A. Close to a kilometer, but more often over 2 miles deep.
Why so deep?
The major reason for storing CO2 so deep is that it's required by law. The US Safe Drinking Water Act orders that underground injection is below and isolated from freshwater aquifers. So, carbon dioxide is stored much deeper than most aquifers.
Second, carbon dioxide is most efficiently stored underground in a dense phase (sometimes referred to as supercritical carbon dioxide or scCO2 by chemists). In this dense phase, carbon dioxide has properties of both a liquid and a gas: it is easier to inject into the reservoir than a liquid and once in the reservoir it takes up less space than a gas. This dense phase of carbon dioxide occurs at pressures above 1070 psi (or 73 atm).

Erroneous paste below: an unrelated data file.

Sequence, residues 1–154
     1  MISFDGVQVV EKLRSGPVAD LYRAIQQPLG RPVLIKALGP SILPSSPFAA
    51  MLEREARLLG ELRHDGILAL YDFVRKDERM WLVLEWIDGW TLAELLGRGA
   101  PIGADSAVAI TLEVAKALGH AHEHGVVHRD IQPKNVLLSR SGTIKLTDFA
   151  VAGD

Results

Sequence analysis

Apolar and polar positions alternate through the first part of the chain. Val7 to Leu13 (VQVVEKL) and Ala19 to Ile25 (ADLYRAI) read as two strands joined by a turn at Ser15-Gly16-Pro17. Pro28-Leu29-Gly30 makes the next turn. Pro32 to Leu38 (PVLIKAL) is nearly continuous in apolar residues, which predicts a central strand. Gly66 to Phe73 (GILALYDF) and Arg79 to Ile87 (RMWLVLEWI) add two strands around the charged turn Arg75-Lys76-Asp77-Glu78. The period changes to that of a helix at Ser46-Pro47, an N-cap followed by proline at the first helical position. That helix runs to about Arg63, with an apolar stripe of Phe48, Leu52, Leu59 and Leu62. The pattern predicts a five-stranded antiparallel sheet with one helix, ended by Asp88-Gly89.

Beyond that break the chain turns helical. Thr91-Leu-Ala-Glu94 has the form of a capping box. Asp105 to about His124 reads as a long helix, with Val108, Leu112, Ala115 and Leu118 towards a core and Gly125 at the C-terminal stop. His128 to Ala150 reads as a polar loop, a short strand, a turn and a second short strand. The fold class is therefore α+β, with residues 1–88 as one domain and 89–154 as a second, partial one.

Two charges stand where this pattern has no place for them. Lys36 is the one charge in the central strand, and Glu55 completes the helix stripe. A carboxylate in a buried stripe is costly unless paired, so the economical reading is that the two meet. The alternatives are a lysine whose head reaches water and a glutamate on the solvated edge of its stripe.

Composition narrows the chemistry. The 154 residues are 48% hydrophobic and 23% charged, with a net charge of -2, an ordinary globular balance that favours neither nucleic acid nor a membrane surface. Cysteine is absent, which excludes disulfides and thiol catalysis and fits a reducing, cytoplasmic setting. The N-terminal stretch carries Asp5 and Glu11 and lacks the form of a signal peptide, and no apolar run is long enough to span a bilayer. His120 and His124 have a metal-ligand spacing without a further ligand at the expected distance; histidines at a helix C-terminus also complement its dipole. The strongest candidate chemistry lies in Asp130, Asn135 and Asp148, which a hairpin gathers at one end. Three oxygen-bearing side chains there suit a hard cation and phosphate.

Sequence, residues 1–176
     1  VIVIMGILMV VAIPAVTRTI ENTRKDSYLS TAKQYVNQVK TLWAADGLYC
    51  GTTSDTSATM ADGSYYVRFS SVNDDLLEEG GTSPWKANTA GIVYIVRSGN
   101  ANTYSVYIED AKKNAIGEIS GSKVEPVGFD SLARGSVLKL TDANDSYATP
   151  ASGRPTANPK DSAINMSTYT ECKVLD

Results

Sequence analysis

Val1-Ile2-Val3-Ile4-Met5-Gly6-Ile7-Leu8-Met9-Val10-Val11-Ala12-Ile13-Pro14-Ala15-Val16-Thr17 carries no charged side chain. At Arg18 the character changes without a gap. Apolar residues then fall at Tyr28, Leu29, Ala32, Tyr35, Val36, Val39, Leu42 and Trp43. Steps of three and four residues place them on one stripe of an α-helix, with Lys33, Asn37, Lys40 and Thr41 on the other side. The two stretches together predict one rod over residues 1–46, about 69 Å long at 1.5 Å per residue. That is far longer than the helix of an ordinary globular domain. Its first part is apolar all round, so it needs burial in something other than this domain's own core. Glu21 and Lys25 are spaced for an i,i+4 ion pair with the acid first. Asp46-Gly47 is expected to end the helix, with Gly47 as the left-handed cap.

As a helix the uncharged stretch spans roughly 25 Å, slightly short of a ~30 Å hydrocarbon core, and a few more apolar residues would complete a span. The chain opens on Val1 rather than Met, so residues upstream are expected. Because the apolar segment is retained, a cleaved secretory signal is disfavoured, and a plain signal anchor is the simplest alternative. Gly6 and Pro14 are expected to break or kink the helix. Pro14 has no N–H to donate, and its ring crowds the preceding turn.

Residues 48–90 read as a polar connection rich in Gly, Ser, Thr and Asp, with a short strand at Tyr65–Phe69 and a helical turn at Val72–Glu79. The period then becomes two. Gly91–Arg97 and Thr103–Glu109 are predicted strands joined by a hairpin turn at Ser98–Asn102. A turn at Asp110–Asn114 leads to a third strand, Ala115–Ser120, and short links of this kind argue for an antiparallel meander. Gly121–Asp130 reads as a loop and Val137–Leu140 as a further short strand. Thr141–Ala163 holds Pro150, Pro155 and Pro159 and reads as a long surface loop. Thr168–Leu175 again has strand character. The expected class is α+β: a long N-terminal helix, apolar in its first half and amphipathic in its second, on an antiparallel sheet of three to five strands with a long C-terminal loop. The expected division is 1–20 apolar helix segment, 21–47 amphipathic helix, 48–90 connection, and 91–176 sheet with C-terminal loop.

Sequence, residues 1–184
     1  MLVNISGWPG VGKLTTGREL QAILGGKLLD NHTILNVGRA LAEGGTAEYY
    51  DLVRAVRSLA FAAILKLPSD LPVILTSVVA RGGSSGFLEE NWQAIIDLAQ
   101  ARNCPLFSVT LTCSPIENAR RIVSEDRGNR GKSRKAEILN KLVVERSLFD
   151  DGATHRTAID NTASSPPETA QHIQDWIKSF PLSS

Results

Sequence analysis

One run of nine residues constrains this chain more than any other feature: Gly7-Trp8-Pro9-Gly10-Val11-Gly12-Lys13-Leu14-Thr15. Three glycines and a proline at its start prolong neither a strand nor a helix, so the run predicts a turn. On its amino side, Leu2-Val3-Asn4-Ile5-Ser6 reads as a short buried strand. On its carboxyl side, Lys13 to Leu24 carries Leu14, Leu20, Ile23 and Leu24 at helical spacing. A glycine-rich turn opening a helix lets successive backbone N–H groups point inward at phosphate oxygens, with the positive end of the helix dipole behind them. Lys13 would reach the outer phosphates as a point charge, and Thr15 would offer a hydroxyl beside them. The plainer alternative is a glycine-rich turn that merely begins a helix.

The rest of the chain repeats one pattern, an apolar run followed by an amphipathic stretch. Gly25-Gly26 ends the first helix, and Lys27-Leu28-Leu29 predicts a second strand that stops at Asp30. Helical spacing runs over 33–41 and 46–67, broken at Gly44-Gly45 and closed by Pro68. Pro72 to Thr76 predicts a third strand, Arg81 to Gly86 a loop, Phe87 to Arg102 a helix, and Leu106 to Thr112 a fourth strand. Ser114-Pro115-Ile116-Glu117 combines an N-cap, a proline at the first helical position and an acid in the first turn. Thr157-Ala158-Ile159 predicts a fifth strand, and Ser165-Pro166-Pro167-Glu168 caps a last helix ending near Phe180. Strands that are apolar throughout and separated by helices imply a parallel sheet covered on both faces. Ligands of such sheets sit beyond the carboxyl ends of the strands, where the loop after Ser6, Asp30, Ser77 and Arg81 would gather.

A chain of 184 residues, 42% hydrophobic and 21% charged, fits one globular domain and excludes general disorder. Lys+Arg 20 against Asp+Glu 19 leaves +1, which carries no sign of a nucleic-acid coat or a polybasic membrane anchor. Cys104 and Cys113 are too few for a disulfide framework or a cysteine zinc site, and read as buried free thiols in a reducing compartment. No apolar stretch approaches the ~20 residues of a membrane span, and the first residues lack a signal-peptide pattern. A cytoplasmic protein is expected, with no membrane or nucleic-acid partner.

Conditions deep underground are very different from the conditions on Earth's surface. The pressures are much higher, just what's needed to keep CO2 in its dense phase. If you could go swimming one mile deep in the ocean, the weight of the water above you would squash the air in your lungs. This is called hydrostatic pressure. Underground, rock formations are saturated with water. The increased weight of water pushing down from above increases the hydrostatic pressure by 43.3 psi with each 100 feet. By the time you reach 2200 feet below the water table (2/3 of a kilometer or 0.4 miles deep), there is so much hydrostatic pressure that carbon dioxide remains in its dense phase.
In Texas and along the Gulf of Mexico, the reservoirs with the best geological characteristics for sequestering carbon dioxide are found even deeper, at depths of about 3.2 km, or 2 miles.